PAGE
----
Carbon Monoxide Poisoning

Below you will find more information about Carbon Monoxide Poisoning from Medigest. If you believe that you are suffering from any of the symptoms of Carbon Monoxide Poisoning it is important that you obtain an accurate diagnosis from a medical professional to ensure that you obtain the correct medication or treatment for your condition. There are medical conditions that carry similar symptoms associated with Carbon Monoxide Poisoning and therefore the information provided by Medigest is offered as a guideline only and should never be used in preference to seeking professional medical advice. The information relating to Carbon Monoxide Poisoning comes from a third party source and Medigest will not be held liable for any inaccuracies relating to the information shown.


Carbon monoxide poisoning is a condition resulting from exposure to a colorless, odorless, tasteless, yet potentially fatal gas known as carbon monixde.


If carbon monoxide poisoning is suspected, the most common way of confirming the diagnosis is by performing a blood test to check carbon monoxide levels in the patient's blood.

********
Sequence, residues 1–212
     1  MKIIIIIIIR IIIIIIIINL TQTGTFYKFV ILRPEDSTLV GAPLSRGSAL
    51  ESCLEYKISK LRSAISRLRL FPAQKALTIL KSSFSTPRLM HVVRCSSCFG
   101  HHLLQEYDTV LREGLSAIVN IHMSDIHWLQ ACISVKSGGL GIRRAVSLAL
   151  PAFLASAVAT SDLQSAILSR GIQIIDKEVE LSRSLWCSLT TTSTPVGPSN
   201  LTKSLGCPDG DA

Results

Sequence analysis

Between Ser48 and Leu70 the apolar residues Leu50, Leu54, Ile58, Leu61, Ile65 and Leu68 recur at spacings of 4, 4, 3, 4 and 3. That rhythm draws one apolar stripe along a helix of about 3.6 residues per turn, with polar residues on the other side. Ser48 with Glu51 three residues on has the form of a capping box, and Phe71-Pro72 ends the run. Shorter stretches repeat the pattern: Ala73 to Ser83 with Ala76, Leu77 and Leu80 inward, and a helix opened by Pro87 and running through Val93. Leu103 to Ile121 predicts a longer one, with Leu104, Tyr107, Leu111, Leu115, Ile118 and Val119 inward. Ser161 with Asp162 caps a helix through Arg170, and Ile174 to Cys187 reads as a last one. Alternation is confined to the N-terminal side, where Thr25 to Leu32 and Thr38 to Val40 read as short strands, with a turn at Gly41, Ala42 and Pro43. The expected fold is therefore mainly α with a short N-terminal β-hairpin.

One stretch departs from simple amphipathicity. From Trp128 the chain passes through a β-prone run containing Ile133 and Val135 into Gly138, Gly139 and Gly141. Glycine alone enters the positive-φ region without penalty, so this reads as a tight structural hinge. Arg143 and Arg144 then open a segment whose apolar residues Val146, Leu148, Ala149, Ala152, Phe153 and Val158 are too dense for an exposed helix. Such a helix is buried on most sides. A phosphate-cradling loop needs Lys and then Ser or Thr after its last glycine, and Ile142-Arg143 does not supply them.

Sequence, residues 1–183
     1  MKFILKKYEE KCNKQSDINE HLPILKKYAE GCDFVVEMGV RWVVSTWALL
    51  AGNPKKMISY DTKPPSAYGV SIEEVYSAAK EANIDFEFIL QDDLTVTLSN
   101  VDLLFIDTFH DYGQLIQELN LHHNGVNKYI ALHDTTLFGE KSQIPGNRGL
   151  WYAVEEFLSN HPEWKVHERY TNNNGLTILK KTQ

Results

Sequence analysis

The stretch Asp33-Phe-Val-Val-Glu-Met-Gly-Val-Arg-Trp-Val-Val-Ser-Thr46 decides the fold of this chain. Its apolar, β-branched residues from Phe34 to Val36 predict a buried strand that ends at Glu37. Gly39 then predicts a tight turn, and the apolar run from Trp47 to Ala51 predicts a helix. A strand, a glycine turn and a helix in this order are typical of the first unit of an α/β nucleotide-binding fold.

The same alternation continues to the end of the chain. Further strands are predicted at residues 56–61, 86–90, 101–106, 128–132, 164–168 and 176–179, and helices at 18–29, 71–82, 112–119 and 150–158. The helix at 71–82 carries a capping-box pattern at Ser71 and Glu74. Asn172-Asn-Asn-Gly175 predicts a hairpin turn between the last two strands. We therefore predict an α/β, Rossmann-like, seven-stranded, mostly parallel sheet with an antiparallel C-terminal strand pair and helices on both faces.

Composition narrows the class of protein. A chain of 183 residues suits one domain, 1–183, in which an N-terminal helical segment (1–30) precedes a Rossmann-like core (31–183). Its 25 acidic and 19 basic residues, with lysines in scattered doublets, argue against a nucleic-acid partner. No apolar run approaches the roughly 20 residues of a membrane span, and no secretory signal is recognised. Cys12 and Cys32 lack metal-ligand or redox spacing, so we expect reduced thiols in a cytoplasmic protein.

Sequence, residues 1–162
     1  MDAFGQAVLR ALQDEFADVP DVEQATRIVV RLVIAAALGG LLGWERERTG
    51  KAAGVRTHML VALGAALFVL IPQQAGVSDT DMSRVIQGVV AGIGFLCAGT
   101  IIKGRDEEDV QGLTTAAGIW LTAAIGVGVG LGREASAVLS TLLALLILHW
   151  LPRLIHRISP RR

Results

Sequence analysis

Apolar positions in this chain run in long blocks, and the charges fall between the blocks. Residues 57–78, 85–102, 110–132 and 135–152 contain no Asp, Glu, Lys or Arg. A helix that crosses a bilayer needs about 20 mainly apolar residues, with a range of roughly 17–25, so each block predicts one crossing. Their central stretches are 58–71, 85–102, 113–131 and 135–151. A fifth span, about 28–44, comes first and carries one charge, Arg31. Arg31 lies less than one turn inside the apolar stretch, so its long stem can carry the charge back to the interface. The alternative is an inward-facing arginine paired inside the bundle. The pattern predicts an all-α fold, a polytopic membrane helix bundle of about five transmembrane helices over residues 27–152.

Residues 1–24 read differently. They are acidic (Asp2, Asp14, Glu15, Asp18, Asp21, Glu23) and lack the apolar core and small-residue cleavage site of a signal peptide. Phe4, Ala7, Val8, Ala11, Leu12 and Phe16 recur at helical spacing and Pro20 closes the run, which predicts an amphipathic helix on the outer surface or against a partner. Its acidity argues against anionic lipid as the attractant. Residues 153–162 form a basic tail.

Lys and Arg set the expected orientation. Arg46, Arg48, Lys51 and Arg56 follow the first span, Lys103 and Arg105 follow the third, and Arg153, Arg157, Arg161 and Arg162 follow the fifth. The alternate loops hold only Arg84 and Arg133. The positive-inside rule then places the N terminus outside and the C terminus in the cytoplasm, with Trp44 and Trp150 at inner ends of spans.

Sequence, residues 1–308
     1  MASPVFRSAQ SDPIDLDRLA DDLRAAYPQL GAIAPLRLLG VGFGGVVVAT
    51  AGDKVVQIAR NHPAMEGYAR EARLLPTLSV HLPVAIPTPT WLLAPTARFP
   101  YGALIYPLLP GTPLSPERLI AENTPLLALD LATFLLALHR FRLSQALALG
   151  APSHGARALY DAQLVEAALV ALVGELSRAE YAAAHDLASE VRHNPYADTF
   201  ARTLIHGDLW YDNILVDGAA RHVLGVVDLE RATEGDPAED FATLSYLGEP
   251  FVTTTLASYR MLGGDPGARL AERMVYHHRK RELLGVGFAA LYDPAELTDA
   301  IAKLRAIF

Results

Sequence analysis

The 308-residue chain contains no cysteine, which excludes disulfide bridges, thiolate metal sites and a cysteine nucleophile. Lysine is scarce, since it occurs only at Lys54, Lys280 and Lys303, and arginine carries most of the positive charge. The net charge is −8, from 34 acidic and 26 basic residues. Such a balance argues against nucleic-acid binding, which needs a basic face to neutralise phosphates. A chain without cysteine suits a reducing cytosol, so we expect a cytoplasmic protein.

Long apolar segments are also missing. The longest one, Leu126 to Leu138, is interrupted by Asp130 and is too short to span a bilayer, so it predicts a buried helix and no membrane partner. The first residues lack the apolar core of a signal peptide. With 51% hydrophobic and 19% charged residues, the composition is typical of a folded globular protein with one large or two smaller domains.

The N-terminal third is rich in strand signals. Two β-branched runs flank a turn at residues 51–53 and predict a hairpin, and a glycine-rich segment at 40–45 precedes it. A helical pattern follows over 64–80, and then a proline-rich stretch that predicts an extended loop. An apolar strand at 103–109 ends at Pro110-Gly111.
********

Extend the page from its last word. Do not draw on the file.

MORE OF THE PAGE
To treat carbon monoxide treatment, the carbon monoxide must first be replaced in the patient's blood with oxygen. This is done by breathing pure oxygen through a mask or ventilator. In some cases, hyperbaric oxygen therapy, in which the body is placed in a full-body pressurized chamber, may be required.

Symptoms and Signs

Dull headaches are usually the earliest and most common symptom of carbon monoxide poisoning. Other signs include: dizziness, nausea, vomiting, chest pain, confusion, impaired judgment, irritability, and loss of cosciousness. Carbon monoxide poisoning is a very serious condition and can be potentially fatal, especially among individuals who may be sleeping or intoxicated at the time of exposure to carbon monoxide fumes.


Carbon monoxide poisoning results when an individual inhales large amounts of carbon monoxide fumes. This odorless, colorless, and tasteless gas is produced by furnaces, heaters, charcoal grills, fireplaces, portable generators, car engines, and other common everyday items. However, the amount of carbon monoxide produced by these sources does not usually reach toxic levels. Poisoning can possibly occur when an appliance malfunction within an enclosed area, causing a buildup of dangerous amounts of carbon monoxide.

Discuss Carbon Monoxide Poisoning in our forums

Discuss Carbon Monoxide Poisoning with other members of Medigest in our forums.